Mrs Bennet- Mrs. Bennet is a miraculously tiresome character. Noisy and foolish, she is a woman consumed by the desire to see her daughters married and seems to care for nothing else in the world. Ironically, her single minded pursuit backfired as her daughters married both Darcy and Bingley.

Austen uses her continually to highlight the necessity of marriage for young women. Mrs. Bennet also serves as a middle-class counterpoint to such upper-class snobs as Lady Catherine and Miss Bingley, demonstrating that foolishness can be found at every level of society.

In the end, however, Mrs. Bennet proves such an unattractive figure, lacking redeeming characteristics of any kind, that some readers have accused Austen of unfairness in portraying her- as if Austen, like Mr Bennet took perverse pleasure in poking fun at a woman already scorned as a result of her ill breeding.

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Pride and Prejudice Characters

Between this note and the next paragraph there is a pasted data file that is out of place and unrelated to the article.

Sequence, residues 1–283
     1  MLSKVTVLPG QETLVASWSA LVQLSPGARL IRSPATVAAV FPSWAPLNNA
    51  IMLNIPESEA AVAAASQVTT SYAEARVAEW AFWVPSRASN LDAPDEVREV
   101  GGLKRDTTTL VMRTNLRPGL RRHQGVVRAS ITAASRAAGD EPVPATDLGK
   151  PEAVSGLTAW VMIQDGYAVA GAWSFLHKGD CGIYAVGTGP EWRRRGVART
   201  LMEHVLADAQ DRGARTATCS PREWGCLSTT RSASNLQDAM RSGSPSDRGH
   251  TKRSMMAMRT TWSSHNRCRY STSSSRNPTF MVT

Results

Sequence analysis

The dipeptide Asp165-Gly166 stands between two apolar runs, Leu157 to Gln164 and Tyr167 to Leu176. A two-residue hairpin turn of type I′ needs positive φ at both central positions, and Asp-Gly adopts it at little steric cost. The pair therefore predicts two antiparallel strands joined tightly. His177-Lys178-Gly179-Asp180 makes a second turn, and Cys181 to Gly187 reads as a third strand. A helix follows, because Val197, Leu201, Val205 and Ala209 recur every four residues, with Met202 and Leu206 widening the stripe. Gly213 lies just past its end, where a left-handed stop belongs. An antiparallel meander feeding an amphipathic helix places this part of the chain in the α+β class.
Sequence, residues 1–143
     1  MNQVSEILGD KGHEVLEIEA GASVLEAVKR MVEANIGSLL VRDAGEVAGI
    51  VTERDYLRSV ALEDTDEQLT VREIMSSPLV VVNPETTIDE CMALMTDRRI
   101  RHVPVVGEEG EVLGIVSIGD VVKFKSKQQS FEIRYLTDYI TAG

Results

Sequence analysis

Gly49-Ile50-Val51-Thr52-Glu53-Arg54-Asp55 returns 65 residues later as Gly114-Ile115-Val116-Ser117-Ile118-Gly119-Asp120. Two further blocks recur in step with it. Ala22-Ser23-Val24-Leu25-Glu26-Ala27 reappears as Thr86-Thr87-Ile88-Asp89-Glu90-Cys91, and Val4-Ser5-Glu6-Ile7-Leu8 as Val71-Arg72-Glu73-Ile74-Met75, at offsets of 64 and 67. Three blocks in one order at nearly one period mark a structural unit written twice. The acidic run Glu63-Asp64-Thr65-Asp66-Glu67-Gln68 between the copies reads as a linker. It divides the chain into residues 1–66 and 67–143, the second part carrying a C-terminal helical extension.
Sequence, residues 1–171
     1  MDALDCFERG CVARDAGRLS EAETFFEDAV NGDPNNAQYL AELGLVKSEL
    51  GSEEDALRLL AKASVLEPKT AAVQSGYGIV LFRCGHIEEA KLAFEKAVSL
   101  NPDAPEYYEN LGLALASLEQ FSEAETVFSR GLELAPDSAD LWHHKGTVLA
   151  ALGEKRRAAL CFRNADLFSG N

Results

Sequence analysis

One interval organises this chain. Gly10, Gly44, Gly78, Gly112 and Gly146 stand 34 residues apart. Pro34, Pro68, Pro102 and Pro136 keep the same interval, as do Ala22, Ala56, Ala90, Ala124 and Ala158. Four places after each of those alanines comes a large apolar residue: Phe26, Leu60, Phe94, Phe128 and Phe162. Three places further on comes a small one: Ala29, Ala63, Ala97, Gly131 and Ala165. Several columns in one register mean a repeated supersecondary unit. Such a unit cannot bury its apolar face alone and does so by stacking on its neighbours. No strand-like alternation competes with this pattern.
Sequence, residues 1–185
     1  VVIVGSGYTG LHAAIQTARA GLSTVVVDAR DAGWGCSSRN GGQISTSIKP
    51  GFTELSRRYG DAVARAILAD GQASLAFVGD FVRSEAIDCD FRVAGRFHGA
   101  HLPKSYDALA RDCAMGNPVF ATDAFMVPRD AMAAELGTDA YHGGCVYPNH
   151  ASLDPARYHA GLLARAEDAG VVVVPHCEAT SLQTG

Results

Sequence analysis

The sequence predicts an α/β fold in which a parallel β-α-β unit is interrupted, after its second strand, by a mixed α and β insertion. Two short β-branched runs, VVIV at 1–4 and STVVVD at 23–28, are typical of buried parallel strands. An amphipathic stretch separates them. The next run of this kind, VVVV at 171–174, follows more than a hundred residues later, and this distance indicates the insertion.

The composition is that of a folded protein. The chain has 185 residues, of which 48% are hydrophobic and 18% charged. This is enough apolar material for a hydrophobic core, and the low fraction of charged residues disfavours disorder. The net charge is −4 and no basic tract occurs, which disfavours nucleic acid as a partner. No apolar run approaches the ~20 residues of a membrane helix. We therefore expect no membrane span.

Mr Collins- Collins is best described by Elizabeth, as "conceited, pompous, narrow-minded, silly". As a man of the church, he seems more concerned with his patron, Lady Catherine de Bourgh, than God. He's always overly formal in his speech and manner, both in person and letters and this makes him look ridiculous.

Although he pretends to be humble, he's self-opinionated (unless Lady Catherine is present) and not very intelligent. Collins is very superficial (he lacks true 'depth' or genuine emotion), demonstrated when he proposed to both Elizabeth and Charlotte within a week of each other. He's not particularly Christian in his actions (he advises Mr Bennet to forgive Lydia but disown her).

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Pride and Prejudice Characters

Fitzwilliam Darcy- "the proudest, most disagreeable man in the world"

"He drew the attention of the room by his fine, tall person, handsome features, noble mien; and the report of having ... ten thousand a year".

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Pride and Prejudice Characters

George Wickham- He has the appearanvce and speech to charm any young woman, "he had all the best part of beauty, a fine countenance, a good figure, and a very pleasing address"